The Northrop F-89 Scorpion was one of the primary defenders of North American airspace during the Cold War. The XP-89 prototype flew August 1948. Series production began early 1949. The F-89A had a AN/APG-33 radar and an armament of six 20 mm (.79 in) T-31 canons. Fuel tanks were permanently fitted to the wingtips. Underwing racks could carry 16 5 in (127 mm) aerial rockets or up to 3,200 lb (1,455 kg) of bombs. Many problems were with this type with only 18 made and several new variants were to be developed. The main production model was the F-89D, entering USAF service in 1954. It had no canons and got new Hughes E-6 fire control system with AN/APG-40 radar and an AN/APA-84 computer. Armament was two pods of 52 2.75 in (70 mm) "Mighty Mouse" FFAR rockets.
The F-89 equipped 36 active US Air Force Units and 17 Air National Guard squadrons. One of the most heavily armed fighter aircraft, the F-89 was the backbone of the North American Air Defense Command for more than 17 years. The F-89 was the first multi-seat, all-weather jet interceptor. It was the first aircraft designed to carry an all-rocket armament and the first to carry the Hughes Falcon air-to-air guided missile, and notably the first combat aircraft armed with air-to-air nuclear weapons (the unguided Genie rocket).
Over 1,000 F-89 Scorpions were manufactured.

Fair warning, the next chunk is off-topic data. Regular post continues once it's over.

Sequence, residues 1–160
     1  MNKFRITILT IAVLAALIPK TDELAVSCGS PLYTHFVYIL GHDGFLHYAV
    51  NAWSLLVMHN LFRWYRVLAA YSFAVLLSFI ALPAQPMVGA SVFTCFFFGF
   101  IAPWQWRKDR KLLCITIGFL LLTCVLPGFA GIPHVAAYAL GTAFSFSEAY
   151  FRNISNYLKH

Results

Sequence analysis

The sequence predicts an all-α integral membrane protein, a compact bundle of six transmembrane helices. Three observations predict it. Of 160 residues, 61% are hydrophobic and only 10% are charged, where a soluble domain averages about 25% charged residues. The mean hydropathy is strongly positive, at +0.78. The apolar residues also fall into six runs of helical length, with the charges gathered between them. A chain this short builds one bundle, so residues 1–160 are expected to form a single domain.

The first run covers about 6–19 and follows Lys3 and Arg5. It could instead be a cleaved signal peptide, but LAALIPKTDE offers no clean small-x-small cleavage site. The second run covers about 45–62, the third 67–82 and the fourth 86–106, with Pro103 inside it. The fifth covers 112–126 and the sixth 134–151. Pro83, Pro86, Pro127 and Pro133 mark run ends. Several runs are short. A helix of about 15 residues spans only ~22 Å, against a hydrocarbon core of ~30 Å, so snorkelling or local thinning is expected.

Northrop F-89D Scorpion
This aircraft has serial 53-2610 and is on display at the USAF Armament Museum at Eglin AFB.
Photographed Januari 2012 by Cees Hendriks (c) Copyright IPMS Nederland
This rather weathered barren aircraft was seen at the March Field Air Museum at Riverside (CA), USA
Photographed November 2015 by Cees Hendriks (c) Copyright IPMS Nederland
This Scorpion was constructed as a F-89D-70-NO by Northrop at Hawthorne in 1953. It was converted to F-89J with had Bur.no. 53-2674. It served with several USAF units. Seen now bearing a rather weared scheme at the Pima Air & Space museum, Tucson (Az.).
Photographed 2016 by Cees Hendriks (c) Copyright IPMS Nederland
A few plastic scale models have appeared over the years. There were very old Monogram and Revell kits. A good kit in 1/48 was from Revell. In 1/72 scale Academy and Revell have good kits. In 1/32 a very basic ID models (now Tigger) vacuform existed.
This walk around webpage was first created May 2012 by M. de Vreeze